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The Lochcarron and District Business Association (LaDBA) is tasked with providing support for the local business community in and around Lochcarron, Wester Ross, Scotland.

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Keeping up with the rules and regulations

Alec Cormack

People who let properties have a few more hoops to navigate by the end of this year. The Scottish government has introduced new regulations which mean that anyone renting out a property will need to comply.

A number of members have already discovered the extent of the changes they need to make and our thanks to Jim Mould who has created an information sheet about these new hoops.

Jim points out that his notes are for guidance ONLY, your specific situation may differ from others so take professional advice about your needs. That said our thanks to Jim Mould for the effort he has taken to ensure his cottage owners are aware of the new rules.

 

New Fire Safety Regulations for Furnished Holiday Lets

2nd February 2016

It has come to my attention, purely by chance, that new regulations have recently been introduced which cover self-catering holiday lets. I understand that the regulations are already in place and that holiday property owners have until the end of 2016 in which to comply with them.

These regulations seem to have been a fairly closely guarded secret and many holiday property owners appear to be completely unaware of them, as indeed was I until I happened to telephone Iain JeckMacKenzie, our local electrician, on another matter. Iain himself had discovered details of the regulations by chance as a result of having been contacted by one of his customers who wanted him to bring the electrics in his cottage up to date. The gist of what Iain told me was as follows:-

All smoke alarms have a working life of 10 years at the end of which they are regarded as at “end of life” and need replacing. This is a compulsory requirement for holiday homes – and obviously advisory for one’s own home.

It is now a requirement that smoke alarms in holiday lets should be hard-wired, not simply battery operated. This has been a requirement of building regulations for all new builds for several years but now applies to all holiday properties without exception.

The battery back-up in hard-wired alarms now needs to be of the lithium type. These batteries are available in the same 9-volt format as ordinary smoke alarm batteries. They’re more expensive (£9.99 each on the Maplins’ website, for example) but they do last for 10 years, so they’re cheaper in the long run. “Ordinary” batteries in smoke alarms are supposed to be replaced every 12 months.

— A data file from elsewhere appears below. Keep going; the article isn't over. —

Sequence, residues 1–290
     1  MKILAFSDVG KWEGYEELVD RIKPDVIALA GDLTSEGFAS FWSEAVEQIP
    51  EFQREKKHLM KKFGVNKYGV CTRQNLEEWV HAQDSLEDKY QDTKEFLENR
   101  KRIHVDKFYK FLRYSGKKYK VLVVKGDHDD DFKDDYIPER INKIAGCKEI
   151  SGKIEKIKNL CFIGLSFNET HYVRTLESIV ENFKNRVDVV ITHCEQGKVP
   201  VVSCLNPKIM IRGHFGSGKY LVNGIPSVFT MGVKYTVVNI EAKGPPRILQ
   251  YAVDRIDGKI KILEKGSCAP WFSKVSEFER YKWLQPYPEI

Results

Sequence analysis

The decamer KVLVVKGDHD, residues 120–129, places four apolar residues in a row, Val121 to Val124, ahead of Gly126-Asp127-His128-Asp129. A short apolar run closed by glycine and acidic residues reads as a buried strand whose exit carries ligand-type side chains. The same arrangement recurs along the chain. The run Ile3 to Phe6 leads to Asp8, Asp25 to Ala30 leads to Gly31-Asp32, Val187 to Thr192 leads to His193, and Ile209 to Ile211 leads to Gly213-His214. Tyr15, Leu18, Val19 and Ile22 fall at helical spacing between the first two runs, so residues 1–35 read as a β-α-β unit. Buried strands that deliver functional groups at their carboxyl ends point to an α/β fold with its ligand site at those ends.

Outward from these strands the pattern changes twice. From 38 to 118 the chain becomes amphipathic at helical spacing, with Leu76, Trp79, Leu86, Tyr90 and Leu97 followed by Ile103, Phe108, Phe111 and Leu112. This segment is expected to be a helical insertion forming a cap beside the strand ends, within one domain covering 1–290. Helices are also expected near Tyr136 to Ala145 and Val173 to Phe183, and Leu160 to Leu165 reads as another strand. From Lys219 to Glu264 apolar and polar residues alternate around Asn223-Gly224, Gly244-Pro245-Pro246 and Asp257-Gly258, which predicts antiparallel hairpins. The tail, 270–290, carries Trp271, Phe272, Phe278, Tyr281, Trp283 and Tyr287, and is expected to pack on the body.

• Smoke alarms in kitchen areas must incorporate a heat detector.

  • All the smoke alarms in a property must now be inter-linked so that they all sound if just one of them is triggered. That should make holiday guests think twice about burning the toast! The inter- linking can either be hard-wired or wireless. The latter is obviously easier.

There should be a carbon monoxide detector in rooms where there are fuel-burning devices. These can be battery operated. Hard-wired ones are available but are much more expensive.

Holiday properties must now have a modern consumer unit with the appropriate trips rather than the old-fashioned type of fuse box. This must make sense anyway as we hardly want holiday guests trying to repair a blown fuse.

Although not a requirement of the regulations, I did find in one official online document a recommendation that there should be some form of emergency lighting in holiday properties to enable swift and easy escape from the building in the event of a fire causing a power failure. Once again, this makes sense anyway, especially in this part of the world where power outages are not unknown, as it’s unwise to allow holiday guests to play around with matches and candles.

Finally, very important: each holiday property must have an up-to-date Electrical Certificate. This is not the same as PAT testing which is merely a check on individual electrical appliances. The Electrical Certificate is issued by a fully qualified electrician and confirms that the whole electrical installation in the building complies with current standards. The certificate is valid for 5 years at the end of which another must be obtained.

I hope this is helpful. The foregoing is based on my understanding of the information given to me verbally by Iain, so I cannot guarantee that its 100% accurate. My best advice is that you should contact a professionally qualified electrician and/or fire safety officer as soon as possible. I believe there are some quite hefty penalties for failing to comply with the new regulations so this is obviously a matter of quite some importance. 

Jim Mould

Three documents are available here


Do you have a view about this? Our next meeting is on 25th February in the Upper Village Hall at 7:30pm. Tell us your views.